And when a scapegoat is needed to explain why a community is not following the ‘correct’ political line teachers can be among the first to be identified. There have even been stories of students being encouraged to beat up their own teachers.
Yet it is not supposed to be like that. To be a teacher is to belong to a noble profession where one has the awesome task of forming a young, vulnerable and impressionable person. Children may size up their teachers and either appreciate them or dismiss them as useless. But there is no escaping the fact that a teacher is in a position to open up the minds of students to values that will set them on a firm path for life.
Among these values are openness, curiosity, attention, steadiness, honesty, kindness and a passion to work for others. If a young person owns these and makes habits of them he or she will have received a great start in life.
Ken Loach is one of the great film directors of today and when he was asked what had influenced him to be what he is he singled out his history teacher at school – who taught his students to rigorously examine events, their causes and their results. When we look back at our time at school we can all think of someone who helped us in some way. One inspiring teacher is worth more than a dozen who ‘are just doing a job.’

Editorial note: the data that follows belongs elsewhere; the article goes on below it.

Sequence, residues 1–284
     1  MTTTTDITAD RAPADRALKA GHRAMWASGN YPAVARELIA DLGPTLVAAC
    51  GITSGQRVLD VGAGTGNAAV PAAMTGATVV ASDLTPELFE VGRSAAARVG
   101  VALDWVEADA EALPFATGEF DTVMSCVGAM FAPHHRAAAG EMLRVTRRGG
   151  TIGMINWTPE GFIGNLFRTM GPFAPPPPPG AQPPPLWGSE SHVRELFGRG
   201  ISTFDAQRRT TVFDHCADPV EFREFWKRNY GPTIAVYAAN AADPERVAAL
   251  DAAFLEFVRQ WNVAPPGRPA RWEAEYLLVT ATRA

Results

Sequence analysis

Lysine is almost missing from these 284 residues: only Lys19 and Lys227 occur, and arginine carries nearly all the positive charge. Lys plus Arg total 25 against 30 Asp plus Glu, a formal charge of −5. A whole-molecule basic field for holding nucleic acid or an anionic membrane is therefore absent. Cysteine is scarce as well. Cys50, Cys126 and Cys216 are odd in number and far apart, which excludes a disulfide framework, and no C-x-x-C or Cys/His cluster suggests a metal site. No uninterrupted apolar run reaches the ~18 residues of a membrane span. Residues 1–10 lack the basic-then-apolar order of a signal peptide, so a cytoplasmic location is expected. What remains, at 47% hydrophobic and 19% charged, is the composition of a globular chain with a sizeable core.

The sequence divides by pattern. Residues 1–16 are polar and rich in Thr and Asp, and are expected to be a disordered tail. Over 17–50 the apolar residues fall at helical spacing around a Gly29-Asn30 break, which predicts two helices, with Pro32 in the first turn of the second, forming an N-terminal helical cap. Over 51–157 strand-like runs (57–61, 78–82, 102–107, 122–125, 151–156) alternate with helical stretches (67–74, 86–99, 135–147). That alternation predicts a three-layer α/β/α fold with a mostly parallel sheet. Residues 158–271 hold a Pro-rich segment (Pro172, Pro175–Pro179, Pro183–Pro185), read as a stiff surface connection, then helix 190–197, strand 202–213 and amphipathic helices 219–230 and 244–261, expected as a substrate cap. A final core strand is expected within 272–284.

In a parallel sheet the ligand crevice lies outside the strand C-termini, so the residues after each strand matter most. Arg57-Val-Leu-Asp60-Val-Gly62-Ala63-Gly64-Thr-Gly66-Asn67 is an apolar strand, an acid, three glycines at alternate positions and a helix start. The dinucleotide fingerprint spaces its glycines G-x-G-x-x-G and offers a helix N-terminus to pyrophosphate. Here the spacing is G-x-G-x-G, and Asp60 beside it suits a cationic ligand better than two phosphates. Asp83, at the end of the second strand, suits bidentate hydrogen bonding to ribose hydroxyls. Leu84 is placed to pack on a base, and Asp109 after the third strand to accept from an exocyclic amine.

And when Jesus says, ‘anyone who welcomes one of these little children in my name, welcomes me’ (Luke 9:37) he is drawing the relationship of teacher/student up to a higher level. He is calling the teacher to realise that forming a child so that they internalise good values for life is doing something that will have eternal consequences.
The teacher is not just helping the child to face the challenges of life. He or she is preparing them for a life that will blossom in the life that is to come. ‘Those who have instructed many in virtue shall shine as stars for all eternity.’ (Daniel 12:3) These words should be inscribed on the tomb of every teacher.Post published in: Opinions & Analysis